Mike Henry:
Hardware manufacturing does impact the environment, the power and cooling. If you can amortize that over a lot of people, that's net very positive. So I think data centers are actually very good for the cloud. If you actually said, "forget data centers, let's put a box in everybody's house", that would be very negative. If you want to make a big difference with chips and climate, if I could snap my fingers and change something, I would just make cryptocurrency disappear. Right now, it's burning the same amount of power as an industrial nation and within the semi industry. When you think about what is exciting, all of the people in the semi industry, it's AI, it's 5G, high performance computing, it's super computer solving, protein folding and things like that. I actually get very little excitement in the semi industry about cryptocurrency, even though cryptocurrency in semi is so tightly linked.

I think there's two reasons for that. The first is that in the semi industry, people are in the business of making very big bets and making those bets very carefully. So you get a lot of people who are really good at deep analysis and thinking through things and very deep thinkers, and I think they look at crypto and they just say, I don't see it. And then I think the second thing is in the semi industry, it's a lot of the old guard. They've seen it all before. They've seen speculative bubbles, they've seen pump and dumps, sometimes fueled by things like venture capital now fueled by Twitter and Discord. I think the general feeling in the semi industry around crypto is that this is just Dutch tulip bulbs and railroad bonds packaged up in a different way. And so you do have this feeling in the industry of, Hey, everybody's talking about climate and chips. I'm just like make cryptocurrency go away. And you'll have you make a huge dent in the problem here. And then we can focus on the really positive things like supercomputing for solving really tough problems.

Danny Crichton:
You're obviously very ensconced at the semiconductor industry, but it's fascinating because even publicly like Nvidia, it knows its chips are being used for cryptocurrency widely, and a huge part of its market evaluation today is built around the centrality of its chips for blockchain and cryptocurrency purposes. Nonetheless, it's gaming customers. Other high performance computing customers want to prioritize it. So it actually has to create chips that are beneficial to some of these communities that have been harmed by Bitcoin hashing up to it, including the point that the hacking group two, three weeks ago, I want to say was LAPSUS with a dollar sign. I don't actually know how to say that out loud. The one with the 16-year-old hacking all these computers, put Nvidia up for ransom to try to say, "Hey, you've got to make these chips work better for blockchain purposes". And so I think it's interesting that the private conversations are sort of matching the public demeanor of some of these companies.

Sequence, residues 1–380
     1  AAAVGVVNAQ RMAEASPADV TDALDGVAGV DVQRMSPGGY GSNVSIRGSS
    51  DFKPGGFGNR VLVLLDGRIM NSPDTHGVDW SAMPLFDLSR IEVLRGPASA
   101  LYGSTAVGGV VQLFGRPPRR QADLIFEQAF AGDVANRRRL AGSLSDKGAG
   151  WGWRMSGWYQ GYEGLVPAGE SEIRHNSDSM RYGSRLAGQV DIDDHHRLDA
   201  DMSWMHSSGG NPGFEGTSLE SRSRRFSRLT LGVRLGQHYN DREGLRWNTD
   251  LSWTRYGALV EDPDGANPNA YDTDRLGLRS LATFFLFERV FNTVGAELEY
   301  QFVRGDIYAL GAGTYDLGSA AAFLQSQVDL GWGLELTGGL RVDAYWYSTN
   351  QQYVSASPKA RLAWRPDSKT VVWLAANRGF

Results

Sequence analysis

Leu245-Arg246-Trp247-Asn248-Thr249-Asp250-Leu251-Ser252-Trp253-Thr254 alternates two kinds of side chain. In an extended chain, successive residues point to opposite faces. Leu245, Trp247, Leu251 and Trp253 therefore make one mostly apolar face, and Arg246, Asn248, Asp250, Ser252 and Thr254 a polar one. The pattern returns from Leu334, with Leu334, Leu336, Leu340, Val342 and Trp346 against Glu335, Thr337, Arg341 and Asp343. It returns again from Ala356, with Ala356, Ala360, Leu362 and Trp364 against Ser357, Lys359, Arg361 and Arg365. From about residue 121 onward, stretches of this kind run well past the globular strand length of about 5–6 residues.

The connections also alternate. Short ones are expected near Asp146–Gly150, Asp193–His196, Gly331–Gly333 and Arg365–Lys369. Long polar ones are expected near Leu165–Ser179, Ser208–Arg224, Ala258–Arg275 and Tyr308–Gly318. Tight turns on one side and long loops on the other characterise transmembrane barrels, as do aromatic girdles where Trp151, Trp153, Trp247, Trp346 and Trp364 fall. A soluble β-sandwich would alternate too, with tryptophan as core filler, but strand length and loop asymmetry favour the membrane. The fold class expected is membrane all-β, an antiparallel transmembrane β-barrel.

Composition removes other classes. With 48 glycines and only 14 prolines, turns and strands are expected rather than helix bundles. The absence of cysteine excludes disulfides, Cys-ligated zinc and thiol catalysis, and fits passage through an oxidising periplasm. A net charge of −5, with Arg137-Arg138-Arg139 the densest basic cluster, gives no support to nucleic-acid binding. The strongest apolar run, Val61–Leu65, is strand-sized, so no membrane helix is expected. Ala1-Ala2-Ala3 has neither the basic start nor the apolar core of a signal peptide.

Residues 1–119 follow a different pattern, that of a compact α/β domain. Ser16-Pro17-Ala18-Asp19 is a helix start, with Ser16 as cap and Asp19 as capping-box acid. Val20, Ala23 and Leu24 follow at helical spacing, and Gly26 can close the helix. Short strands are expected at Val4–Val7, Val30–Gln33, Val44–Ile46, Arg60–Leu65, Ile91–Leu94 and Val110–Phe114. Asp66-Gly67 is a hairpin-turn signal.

Mike Henry:
If we're going to be burning power and chips, we should be solving real society problems with things like AI solving things in medicine and autonomous driving and all of these real world problems where you got how many people die a year in a car crash? Let's solve those problems. How many people die from diseases? Let's solve those problems. So that's kind of the feeling internally. And not many people talk about it publicly, but it's there.

Danny Crichton:
Well, talking about efficiency, again, I had a theory that when Amazon Lambda, which is a functions of a service product from Amazon, came out in 2014, I had the theory that as developers started figuring out how much each of their functions cost it was going to charge basically per cycle on the processor, we'd actually have some sort of efficiency revolution. There's a classic quote in computer science that the greatest evil is premature optimization, but that maybe when you actually put a cost to each line of code, maybe it wouldn't be so evil. I even had this idea for startup seven, eight years ago when Lambda was launched, you'd actually have an IDE, your integrated development environment with the actual Lambda cost per line of code built right into the code editor. That way you could get a sense of how much each line of code cost, and you'd be able to improve the ones that were least efficient.

So when I look at the AI world, I'm looking at the model building costs where I've seen numbers as high as 50 to a hundred million dollars per model, and I don't see the cost going down. I don't see this efficiency revolution. Or maybe the models are just getting so complicated that the complication is outrank the efficiency over time. But Mike and Shahin, do you see the chip industry getting more efficient?

Mike Henry:
This kind of almost speaks back to what I was talking about with where we say we have these critical national security systems and developers saying, I'm just going to use Nvidiai. It's easy. You're like, wait a minute. Hey, there's a big problem here and no, I know, but it's easy. Yeah. Developers have this attitude of give me convenience or give me death.

Danny Crichton:
Good slogan for a nation state, yes.

Mike Henry: